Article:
Young patients who present with typical symptoms of gastro-oesophageal reflux, without worrying features such as dysphagia, weight loss or anaemia, can be treated empirically. 

Investigation is advisable if patients present in middle or late age, if symptoms are atypical or if a complication is suspected. Endoscopy is the investigation of choice. This is performed to exclude other upper gastrointestinal diseases which can mimic gastro-oesophageal reflux, and to identify complications. A normal endoscopy in a patient with compatible symptoms should not preclude treatment for gastro-oesophageal reflux disease. 

When, despite endoscopy, the diagnosis is unclear or if surgical intervention is under consideration, 24-hour pH monitoring is indicated. This involves tethering a slim catheter with a terminal radiotelemetry pH-sensitive probe above the gastro-oesophageal junction. The intraluminal pH is recorded whilst the patient undergoes normal activities, and episodes of pain are noted and related to pH. A pH of less than 4 for more than 6-7% of the study time is diagnostic of reflux disease. 

 

Management 

Lifestyle advice, including weight loss, avoidance of dietary items which the patient finds worsen symptoms, elevation of the bed head in those who experience nocturnal symptoms, avoidance of late meals and giving up smoking are recommended but rarely needed. 

Proprietary antacids and alginates, which are said to produce a protective mucosal 'raft' over the oesophageal mucosa, are taken with considerable symptomatic benefit by most patients. Antacids widely available for self-medication and are used for relief of minor dyspeptic symptoms. The majority are based on combinations of calcium, aluminium and magnesium salts, all of which have individual side-effects. Calcium compounds cause constipation, while magnesium-containing agents cause diarrhoea. Aluminium compounds block absorption of digoxin, tetracycline and dietary phosphates. Most have a high sodium content and can exacerbate congestive heart failure.

-          Magnesium Trisilicate Mixture 10 – 20 ml 3 – 4 times daily before meals;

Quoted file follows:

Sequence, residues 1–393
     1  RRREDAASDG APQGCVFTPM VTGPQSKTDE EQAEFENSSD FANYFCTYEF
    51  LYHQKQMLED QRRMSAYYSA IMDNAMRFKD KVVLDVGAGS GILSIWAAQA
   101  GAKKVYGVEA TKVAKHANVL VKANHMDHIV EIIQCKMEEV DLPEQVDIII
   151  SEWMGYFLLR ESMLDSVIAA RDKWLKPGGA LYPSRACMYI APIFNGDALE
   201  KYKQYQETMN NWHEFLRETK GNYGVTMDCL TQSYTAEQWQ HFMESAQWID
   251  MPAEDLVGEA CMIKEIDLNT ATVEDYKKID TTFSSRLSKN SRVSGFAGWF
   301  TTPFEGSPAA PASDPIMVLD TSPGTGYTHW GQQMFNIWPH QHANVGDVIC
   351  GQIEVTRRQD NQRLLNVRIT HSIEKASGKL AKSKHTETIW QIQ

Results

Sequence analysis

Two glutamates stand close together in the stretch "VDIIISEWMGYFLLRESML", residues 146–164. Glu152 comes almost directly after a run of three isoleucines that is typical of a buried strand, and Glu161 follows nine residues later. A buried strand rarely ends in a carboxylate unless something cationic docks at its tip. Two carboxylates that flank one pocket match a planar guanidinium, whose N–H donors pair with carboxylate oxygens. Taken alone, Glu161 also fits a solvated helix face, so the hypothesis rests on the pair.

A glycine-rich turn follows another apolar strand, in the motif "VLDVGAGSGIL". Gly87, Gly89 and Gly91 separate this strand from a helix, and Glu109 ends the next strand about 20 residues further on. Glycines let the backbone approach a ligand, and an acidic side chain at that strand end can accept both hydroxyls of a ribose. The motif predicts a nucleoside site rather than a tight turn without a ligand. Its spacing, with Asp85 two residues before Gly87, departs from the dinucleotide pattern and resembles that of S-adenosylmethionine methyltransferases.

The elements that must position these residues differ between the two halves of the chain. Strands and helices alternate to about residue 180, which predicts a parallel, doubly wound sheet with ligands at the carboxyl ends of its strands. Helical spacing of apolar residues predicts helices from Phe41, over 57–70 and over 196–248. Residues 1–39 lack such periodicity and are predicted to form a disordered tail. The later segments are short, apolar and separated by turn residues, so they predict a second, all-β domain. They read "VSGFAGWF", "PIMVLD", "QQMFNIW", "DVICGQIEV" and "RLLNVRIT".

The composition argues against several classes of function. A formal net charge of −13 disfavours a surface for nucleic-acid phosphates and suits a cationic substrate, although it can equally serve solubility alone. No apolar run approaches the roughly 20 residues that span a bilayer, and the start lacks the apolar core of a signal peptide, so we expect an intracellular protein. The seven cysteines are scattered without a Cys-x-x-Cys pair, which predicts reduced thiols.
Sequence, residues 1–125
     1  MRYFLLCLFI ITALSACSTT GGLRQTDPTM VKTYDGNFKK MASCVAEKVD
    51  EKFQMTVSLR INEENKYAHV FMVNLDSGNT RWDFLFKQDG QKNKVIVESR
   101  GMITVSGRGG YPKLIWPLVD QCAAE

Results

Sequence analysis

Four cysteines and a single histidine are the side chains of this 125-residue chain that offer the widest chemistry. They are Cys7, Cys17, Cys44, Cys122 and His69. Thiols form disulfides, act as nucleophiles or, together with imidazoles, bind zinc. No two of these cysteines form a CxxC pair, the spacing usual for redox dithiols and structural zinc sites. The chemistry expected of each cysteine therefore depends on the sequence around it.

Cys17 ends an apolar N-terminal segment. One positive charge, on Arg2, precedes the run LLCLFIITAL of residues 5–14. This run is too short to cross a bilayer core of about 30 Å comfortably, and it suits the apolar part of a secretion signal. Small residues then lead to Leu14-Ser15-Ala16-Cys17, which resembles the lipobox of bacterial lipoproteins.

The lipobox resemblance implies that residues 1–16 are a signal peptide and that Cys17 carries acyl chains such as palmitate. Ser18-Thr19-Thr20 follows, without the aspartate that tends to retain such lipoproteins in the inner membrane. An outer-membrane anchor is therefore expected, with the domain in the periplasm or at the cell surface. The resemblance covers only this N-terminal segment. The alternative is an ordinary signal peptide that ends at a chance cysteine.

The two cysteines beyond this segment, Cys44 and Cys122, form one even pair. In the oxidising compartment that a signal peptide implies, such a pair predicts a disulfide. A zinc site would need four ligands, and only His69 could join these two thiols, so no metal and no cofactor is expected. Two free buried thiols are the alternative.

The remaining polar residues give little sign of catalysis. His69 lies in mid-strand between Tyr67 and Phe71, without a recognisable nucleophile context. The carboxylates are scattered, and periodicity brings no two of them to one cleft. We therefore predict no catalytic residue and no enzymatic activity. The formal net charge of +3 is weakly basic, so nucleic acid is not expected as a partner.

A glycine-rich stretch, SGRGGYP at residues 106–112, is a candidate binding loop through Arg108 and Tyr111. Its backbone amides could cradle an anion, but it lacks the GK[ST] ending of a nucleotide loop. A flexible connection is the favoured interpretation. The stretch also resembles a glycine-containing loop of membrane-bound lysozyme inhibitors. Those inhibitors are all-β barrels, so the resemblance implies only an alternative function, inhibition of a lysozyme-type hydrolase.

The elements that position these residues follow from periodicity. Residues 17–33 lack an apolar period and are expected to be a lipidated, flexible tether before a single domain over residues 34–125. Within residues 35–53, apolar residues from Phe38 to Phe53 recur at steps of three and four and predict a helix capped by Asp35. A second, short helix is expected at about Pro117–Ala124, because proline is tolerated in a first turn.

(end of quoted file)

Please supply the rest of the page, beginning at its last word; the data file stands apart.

-          Aluminium Hydroxide 300 mg\5 ml Liquid 300 – 600 mg as needed between meals and at bedtime or as directed by physician.

Histamine H2-receptor antagonist drugs. These are competitive inhibitors of histamine at the H2-receptor on the parietal cell. Dyspeptic symptoms remit promptly, usually within days of starting treatment. They are moderately effective for the management of reflux disease.  H2-receptor antagonist drugs help symptoms without healing oesophagitis. They are well tolerated, and the timing of medication and dosage should be tailored to individual need. 

-          Cimetidine 800 mg at bedtime; treatment should be continued for at least 4 – 8 weeks; maintenance: 400 mg at bedtime;

-          Ranitidine (Zantac) 150 mg twice a day or 300 mg at night for 4 – 8 weeks; maintenance: 150 – 300 mg at night;

H+/K+ ATPase ('proton pump') inhibitors. These are substituted benzimidazole compounds that specifically and irreversibly inhibit the proton pump hydrogen/potassium ATPase in the parietal cell membrane. They are the most powerful inhibitors of gastric secretion yet discovered, with maximal inhibition occurring 3-6 hours after an oral dose. They have an excellent safety profile. Proton pump inhibitors (omeprazole and lansoprazole) are also much more effective than H2-antagonists for healing and maintenance of reflux oesophagitis. Proton pump inhibitors are the treatment of choice for severe symptoms and for complicated reflux disease. Symptoms almost invariably resolve and oesophagitis heals in the majority of patients. Recurrence of symptoms is common when therapy is stopped and some patients require life-long treatment at the lowest acceptable dose.

-          Omeprazole (Losec) 20 – 80 mg once daily or twice daily up to 8 – 12 weeks;

-          Lansoprazole (Prevacid) 30 mg  once daily or twice daily for 4 – 8 weeks;

 

 

Fig. 5 Treatment of gastro-oesophageal reflux disease: a 'step-down' approach.

 

Patients who fail to respond to medical therapy, those who are unwilling to take long-term proton pump inhibitors and those whose major symptom is severe regurgitation should be considered for anti-reflux surgery. This can be undertaken by an open operation but is increasingly being carried out laparoscopically. Although heartburn and regurgitation are alleviated in most patients, a proportion develop complications such as inability to vomit and abdominal bloating ('gas-bloat syndrome').

 

Issues in older people gastro-oesophageal reflux disease

The prevalence of gastro-oesophageal reflux disease is higher in older people and complications are more common.

The severity of symptoms does not correlate with the degree of mucosal inflammation in old age.

Late complications such as peptic strictures or bleeding from oesophagitis are more common in older people.

Aspiration from occult gastro-oesophageal reflux disease should be considered in older patients with recurrent pneumonia.

 

 

 

 

8